There’s been a lot in the news lately about the plummeting prices of lobsters, this is, so they say, the reason for the proliferation of lobster rolls – yes, everyone is serving them, lobster rolls are everywhere! It seems to me that if the prices of lobsters are down but the prices of lobster rolls have remained constant (my guess is that a lobster roll costs, today, just about what it did five, maybe even ten years ago), then the quality of the roll should be on the upswing…not the case everywhere (not even in my beloved East Hampton where I had my very first, some 30 plus years ago). Despite the “lobster roll on every menu” trend, Ed’s in NYC’s lower Manhattan (two locations plus a pop-up in Battery Park) is setting the standard for not only the “best” but also the “best value”.
At $25.00, Ed’s achieves an outstanding lobster roll by offering more than a generous portion of flawlessly prepared rich, SA-WEET, tender, tail and claw morsels (Ed knows where to buy his lobsters and his kitchen knows just how to cook them) served in large chunks, with just the right mention of mayo, no filler. We’re talking a lot of lobster meat, folks, but for the top-split toasted, lightly buttered bun, you’d lose a good deal of the meat (or, at least, much would end up on your plate). Served with a heaping side of golden fries (perfectly salted) and their trademark pickles (take home an order, they are that good!)… for your money, you get a perfect dish starring a perfectly simple but absolutely satisfying lobster roll. You get what you came for, more so, in fact!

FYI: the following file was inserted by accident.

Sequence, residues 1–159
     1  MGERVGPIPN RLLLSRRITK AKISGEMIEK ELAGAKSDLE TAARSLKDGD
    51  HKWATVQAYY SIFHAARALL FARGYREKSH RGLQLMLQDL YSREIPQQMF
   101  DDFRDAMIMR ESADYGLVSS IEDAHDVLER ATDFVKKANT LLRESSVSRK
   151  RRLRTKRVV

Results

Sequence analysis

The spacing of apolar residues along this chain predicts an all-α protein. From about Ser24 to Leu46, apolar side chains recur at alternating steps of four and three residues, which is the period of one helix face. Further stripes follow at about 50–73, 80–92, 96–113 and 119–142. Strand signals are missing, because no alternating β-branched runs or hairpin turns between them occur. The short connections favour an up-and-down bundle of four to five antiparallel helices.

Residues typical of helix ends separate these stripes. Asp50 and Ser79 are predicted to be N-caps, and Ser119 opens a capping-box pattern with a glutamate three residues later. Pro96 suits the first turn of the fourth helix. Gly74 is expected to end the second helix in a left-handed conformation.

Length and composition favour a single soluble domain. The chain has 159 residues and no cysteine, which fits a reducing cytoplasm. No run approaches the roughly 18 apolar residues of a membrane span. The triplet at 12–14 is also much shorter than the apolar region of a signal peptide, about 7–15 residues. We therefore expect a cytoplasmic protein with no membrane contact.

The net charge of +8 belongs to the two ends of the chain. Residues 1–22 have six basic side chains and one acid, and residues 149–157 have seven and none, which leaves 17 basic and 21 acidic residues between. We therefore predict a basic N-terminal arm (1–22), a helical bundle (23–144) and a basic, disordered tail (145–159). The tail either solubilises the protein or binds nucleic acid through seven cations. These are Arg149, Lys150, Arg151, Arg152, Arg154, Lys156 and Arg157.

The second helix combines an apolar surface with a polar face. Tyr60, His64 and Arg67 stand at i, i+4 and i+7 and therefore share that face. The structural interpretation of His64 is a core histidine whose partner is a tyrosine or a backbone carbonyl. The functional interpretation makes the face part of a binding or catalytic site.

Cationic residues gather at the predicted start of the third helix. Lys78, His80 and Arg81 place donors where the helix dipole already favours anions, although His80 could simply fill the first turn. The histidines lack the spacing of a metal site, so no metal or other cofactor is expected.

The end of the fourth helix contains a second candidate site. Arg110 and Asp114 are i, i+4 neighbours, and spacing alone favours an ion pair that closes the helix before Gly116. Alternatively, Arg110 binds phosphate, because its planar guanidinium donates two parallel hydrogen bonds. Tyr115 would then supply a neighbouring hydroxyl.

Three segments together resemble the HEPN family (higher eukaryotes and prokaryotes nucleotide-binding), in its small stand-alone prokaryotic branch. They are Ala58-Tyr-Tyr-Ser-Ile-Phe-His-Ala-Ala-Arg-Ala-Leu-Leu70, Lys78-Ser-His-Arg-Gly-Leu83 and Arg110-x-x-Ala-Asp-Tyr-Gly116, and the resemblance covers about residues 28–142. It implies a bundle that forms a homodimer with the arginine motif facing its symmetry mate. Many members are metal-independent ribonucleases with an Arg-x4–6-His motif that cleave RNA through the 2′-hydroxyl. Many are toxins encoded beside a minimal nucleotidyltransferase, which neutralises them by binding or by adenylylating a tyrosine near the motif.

The NY Times reviewed Ed’s, as follows: “At Ed’s Lobster Bar Kiosk on the (Battery Park) waterfront, , Ed McFarland’s six-ounce celery-and-chive-dotted blob of musky mayonnaise-y lobster meat bobs atop its butter-drenched roll like one of the sprawling yachts in the adjacent marina ($25). It’s an object of conspicuous consumption as befits the captains of finance (emphasis added).We ordinary seamen would do well to get with a mate, order one large and one small three-ounce roll ($13), and split the difference.”
While “blob of musky mayonnaise-y lobster meat” and “butter-drenched roll” was not my experience at the Lafayette Street location (a lovely little spot that sits, unbeknownst to me when visiting, at the exact address my great-grandfather operated a candy store in the 1930s), I do agree with the spirit of the NY Times review, Ed’s Lobster Bar offers both abundance and quality in what I believe to be an absolute stand-out of all Manhattan lobster rolls.
Ed’s Lobster Bar
222 Lafayette Street
Ed’s Lobster Bar Annex (offering patio seating)
25 Clinton Street
Ed’s Lobster Bar Kiosk
225 Vesey Street